Maxillary Division Shingles – A Diagnostic Conundrum

Dr Yusuf Abdallah Contact

FY2 Doctor, Wye Valley NHS Trust, UK

Mr Simon N Madge

Consultant Ophthalmologist, Wye Valley NHS Trust, UK


Varicella-zoster virus commonly causes shingles in the elderly population. A classic presentation of a blistering rash preceded by neuropathic pain in the affected dermatome is well-recognised amongst doctors. However, atypical presentations may also occur which require astute knowledge of the distribution pattern of the nerve affected and a thorough history and systemic examination to allow diagnosis. We present a rare case of maxillary division shingles with ocular manifestations in a 71-year-old woman post cataract operation.


Herpes Zoster (also known as shingles) is a common condition occurring due to reactivation of the dormant varicella-zoster virus (VZV) in dorsal root ganglia or extramedullary cranial nerve ganglia [1]. The primary infection, varicella (chickenpox), is very common amongst children while Herpes Zoster occurs in 3-5% of the population, primarily in the elderly and immunosuppressed. Most infections affect the T3 to L3 dermatomes but 13-15% of patients present with infections involving any of the three branches of the trigeminal nerve [1,2]. The ophthalmic division is most commonly affected out of the three divisions [3]. However, not all shingles affecting the eye stems from ophthalmic division shingles as the case will illustrate. An outbreak is classically characterized by severe pain or alteration in sensation in the affected nerve’s distribution 3-5 days prior to eruption of vesicles on the skin or mucous membranes. This reactivation is postulated to be due to temporary compromises in host defenses however other factors such as age, physical trauma, psychological stress, malignancy and generalized immunocompromised states are thought to be predisposing factors [3].

Case presentation

This article presents the case of a 71-year-old lady who presented with left eye pain and redness following recent cataract surgery in the same eye. She contacted her ophthalmologist by telephone just under two weeks post-op to report having sudden onset left eye pain for several hours in addition to tingling on her left cheek developing over the last two days. She was seen in clinic the same day.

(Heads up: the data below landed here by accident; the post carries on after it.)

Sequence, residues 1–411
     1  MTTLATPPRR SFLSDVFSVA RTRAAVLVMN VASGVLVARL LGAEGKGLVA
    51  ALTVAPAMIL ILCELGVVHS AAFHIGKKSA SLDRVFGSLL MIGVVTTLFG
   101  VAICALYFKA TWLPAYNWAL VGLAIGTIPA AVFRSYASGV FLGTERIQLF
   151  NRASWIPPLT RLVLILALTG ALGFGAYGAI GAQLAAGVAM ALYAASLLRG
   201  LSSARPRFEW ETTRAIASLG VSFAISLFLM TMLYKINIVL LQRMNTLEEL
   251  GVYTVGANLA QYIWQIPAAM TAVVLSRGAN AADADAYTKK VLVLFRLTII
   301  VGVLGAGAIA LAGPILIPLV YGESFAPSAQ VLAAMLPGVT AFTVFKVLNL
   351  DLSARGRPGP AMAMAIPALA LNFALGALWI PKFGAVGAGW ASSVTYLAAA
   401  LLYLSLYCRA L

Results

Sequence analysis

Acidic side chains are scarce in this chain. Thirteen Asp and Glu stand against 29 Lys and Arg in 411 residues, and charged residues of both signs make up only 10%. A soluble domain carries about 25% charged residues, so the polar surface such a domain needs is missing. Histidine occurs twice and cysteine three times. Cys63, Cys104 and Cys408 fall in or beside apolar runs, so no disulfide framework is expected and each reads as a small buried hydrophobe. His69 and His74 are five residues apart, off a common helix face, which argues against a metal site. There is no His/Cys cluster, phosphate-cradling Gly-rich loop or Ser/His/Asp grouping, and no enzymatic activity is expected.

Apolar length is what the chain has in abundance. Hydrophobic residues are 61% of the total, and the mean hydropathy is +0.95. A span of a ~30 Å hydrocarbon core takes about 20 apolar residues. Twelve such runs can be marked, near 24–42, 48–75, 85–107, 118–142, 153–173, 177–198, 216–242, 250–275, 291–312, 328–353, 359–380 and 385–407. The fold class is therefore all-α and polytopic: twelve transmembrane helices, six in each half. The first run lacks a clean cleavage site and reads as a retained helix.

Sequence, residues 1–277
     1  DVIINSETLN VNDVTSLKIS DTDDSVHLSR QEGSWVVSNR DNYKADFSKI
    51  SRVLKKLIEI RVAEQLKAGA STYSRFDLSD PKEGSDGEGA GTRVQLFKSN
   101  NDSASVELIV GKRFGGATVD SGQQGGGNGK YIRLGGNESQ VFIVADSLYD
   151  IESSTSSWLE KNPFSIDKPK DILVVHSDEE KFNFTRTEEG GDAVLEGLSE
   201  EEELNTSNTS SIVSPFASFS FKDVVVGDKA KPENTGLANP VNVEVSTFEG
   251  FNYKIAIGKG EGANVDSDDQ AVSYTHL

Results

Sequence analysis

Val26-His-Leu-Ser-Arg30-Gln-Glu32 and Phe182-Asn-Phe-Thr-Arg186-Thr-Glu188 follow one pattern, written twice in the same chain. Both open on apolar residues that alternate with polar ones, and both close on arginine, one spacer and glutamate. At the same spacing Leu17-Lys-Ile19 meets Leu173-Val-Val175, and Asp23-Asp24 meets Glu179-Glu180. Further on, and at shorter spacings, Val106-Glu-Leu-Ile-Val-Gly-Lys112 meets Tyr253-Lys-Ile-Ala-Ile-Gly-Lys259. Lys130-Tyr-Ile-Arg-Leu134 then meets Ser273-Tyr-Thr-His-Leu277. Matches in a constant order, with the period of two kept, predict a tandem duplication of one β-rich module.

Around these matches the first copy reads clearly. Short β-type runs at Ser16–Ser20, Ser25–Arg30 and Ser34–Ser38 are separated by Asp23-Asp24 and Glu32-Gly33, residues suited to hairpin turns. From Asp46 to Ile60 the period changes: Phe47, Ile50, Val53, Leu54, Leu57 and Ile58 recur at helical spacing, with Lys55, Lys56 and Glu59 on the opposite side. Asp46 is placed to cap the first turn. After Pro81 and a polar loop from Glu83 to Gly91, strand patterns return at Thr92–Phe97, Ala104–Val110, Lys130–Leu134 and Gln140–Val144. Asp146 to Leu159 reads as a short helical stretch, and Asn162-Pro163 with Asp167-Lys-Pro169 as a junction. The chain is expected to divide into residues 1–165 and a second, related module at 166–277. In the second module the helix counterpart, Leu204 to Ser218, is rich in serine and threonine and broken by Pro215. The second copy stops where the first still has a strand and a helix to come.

On examination, she was found to have painful blisters and vesicles on her left lower inner eyelid, the base of her left nasal ala in addition to an ulcer within her left upper gingival fornix (figures 1 and 2). The left conjunctiva was injected but bearing no signs of scleritis or dacryoadenitis. Her vision in the left eye remained unaffected at 6/6, as it was one-week post-op. She had no previous past medical or ocular history of note and had not experienced shingles in the past. The impression at the time was that of maxillary division (V2) shingles. She was started on a course of high dose Acyclovir and follow up was arranged. She was seen 3 days later, and examination demonstrated further evolution of her shingles which was, however, much less sore now. She was seen again in two weeks and her shingles appeared to have recovered (figure 3). Furthermore, the vision in her left eye improved to 6/5 and the patient was keen to proceed to right-sided cataract surgery.


Varicella zoster virus can cause both primary and recurrent infections. Chicken pox, the primary infection, presents with gingivostomatitis and a generalized viral prodrome with full recovery afterwards and the virus remaining dormant in sensory ganglia. The reactivation is noted to be infectious to individuals who have not been in contact with the virus. With a lifetime incidence of 10-20% and prevalence of 3-5%, it is a common condition and carries significant morbidity if not treated appropriately. The commonest chronic complication is pain along the affected areas after the resolution of the acute stage, known as post herpetic neuralgia (PNH). This is described to last 1-3 months after the acute phase but can last for years [3]. The incidence increases in immunocompromised patients especially those with HIV as well as with age, the highest being amongst people age 60-90 [3].